:> :> Thanks Bob. I'm rubbing my chin on that one and trying to understand it.
:> :> You forgot the link!
:> :> Dan
:> Ah, thanks. The subject is:
:> "Pressure Loss of Water Due to Friction in Copper Tubes"
:> My intuition on this is that the friction component using copper tubing
:> (especially new) is going to be WAY less than my old rusty galvanized
:> 1/2". Add to that the fact that the cross section of the interior of
:> 3/4" pipe is 2.25 times that of 1/2" pipe, and you have MUCH better
:> water flow and pressure. That's intuitive, of course. The linked page
:> and it's table is based on engineering science.
:Your intuition is correct.......YEARS ago (1979) I was having the
:shower feeds in my 1930 house redone
:I was so fed up with low water pressure I was going to make the plumber
:replace my 59 year old 1/2 galv with 3/4" cooper feeding first floor
:shower & then onto the 2nd floor.
:I really water 3/4" copper the plumber talked me out of it....saying
:the "flow factor" of old copper tube is way better than new glav. I
:went with 1/2" copper.
Today I had a look at the old water main shutoff valve that they cut out
when they replaced the water main. On either side is galvanized pipe and
on one side I could see rust that reduced the 1/2" internal diameter by
at least a factor of 2. And that is just one spot. And the knobby rusty
obstruction was clearly doing more than restricting flow by reducing the
effective diameter. It was adding a tremendous amount of turbulence,
which would very significantly reduce the gpm delivered to various
sytems in my house. I'm contemplating replacing some of the interior
piping, but I really have no good reason to do so presently. My
pressures are good, at least partly because of the high pressure
delivered to the house. I should probably actually have a pressure
reduction valve where the main surfaces at the front of the house. A
Plumber told me they are $100 and I believe they only reduce the psi by
:Fast forward to 2007 & now I finally getting around to doing the rest
:of the house.
:I'm going to use PEX w/ a home run system. I'm torn about replacing
:the perfectly still good copper but I may as well since the walls will
:The 16' run to 1st floor shower & the 26' run to second floor
:Worst case with 125F hot water & 45F cold water (that's pretty cold)
:.....I'll need 1.5 gpm hot & .5 gpm cold to service a 2gpm shower
My requirements are different because I live alone. I envision selling
the house, so the buyer's requirements will be greater than mine.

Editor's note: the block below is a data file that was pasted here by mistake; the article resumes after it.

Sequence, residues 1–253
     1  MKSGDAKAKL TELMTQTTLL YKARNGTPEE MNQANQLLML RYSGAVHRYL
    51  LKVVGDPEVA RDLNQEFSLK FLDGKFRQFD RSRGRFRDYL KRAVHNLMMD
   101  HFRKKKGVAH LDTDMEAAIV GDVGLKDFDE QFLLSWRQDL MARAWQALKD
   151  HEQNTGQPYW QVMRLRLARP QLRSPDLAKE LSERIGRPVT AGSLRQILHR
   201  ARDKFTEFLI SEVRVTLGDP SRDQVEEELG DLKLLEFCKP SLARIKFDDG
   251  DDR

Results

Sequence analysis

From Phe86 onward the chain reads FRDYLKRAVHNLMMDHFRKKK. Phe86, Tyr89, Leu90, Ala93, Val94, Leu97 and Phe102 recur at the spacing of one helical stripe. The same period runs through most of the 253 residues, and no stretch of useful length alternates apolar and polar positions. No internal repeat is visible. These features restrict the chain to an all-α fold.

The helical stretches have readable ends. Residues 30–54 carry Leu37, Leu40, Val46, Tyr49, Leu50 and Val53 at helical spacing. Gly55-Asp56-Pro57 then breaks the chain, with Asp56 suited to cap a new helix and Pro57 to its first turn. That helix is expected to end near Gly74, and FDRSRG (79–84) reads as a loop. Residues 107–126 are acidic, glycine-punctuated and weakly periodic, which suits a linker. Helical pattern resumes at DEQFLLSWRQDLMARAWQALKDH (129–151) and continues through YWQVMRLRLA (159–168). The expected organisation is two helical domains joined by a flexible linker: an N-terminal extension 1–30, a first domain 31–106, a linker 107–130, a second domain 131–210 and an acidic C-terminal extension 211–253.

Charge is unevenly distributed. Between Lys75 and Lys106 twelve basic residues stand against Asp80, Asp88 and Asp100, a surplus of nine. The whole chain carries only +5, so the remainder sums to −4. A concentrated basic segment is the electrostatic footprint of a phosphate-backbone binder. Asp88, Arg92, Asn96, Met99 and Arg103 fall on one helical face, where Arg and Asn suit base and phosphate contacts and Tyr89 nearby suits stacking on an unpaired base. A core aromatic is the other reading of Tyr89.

Myself, I have an on demand WH, which has a remote and I keep the
temperature at the lowest, which is 100 degrees. When I take a shower, I
push that to 110 in the summer and 115 in winter. When it's chilly, 115
delivers a perfect shower using hot water only. I guess that even if
someone were to flush a toilet while I was taking a shower it wouldn't
much affect the water temperature.
If you have a lot of people in the house, measures like mine aren't
practical, obviously. You have constant hot water temperature and deal
:A run of 1/2" PEX 26' long will only drop ~1.8psi
:My house is fed with 1" copper (~50' to the street) another 25' of 1"
:PEX to the hot/cold split
:1" feeding the cold manifold & 1" feeding the hot manifold
:If I run the dishwasher (~2gpm) & two showers (2 gpm ea) I'll need
:~6gpm to the house & 5 gpm hot water
I don't have a dishwasher yet.
:The thing that causes problems is not only the pressure drop but the
:change in pressure drop as water demand increases or decreases. When
:you're taking a shower & you have the temp adjust you don't want
:significant increases or decreases in water pressure where you're using
:it....reduction is total pressure is annoying enough but when the hot
:or cold pressure changes alone...it can be more than annoying.
I'm amazed that my shower flow doesn't appear to drop much AT ALL, when
I flush the toilet now with my new water main installed.
:Unfortunately that table of copper tube pressure drops leaves a little
:to be desires wrt significant figures......only one in most of the
:anyway if you play around with the numbers you'll probably find that a
:3/4" line will supply most reasonable home usage without significant
:pressure drop.....unless you get the washer going, the dishwasher, two
:showers & a random toilet flushing.
:But hey, I'm just happy if I can take a shower & not be bothered by
:one or two other water usages.
That would be nice.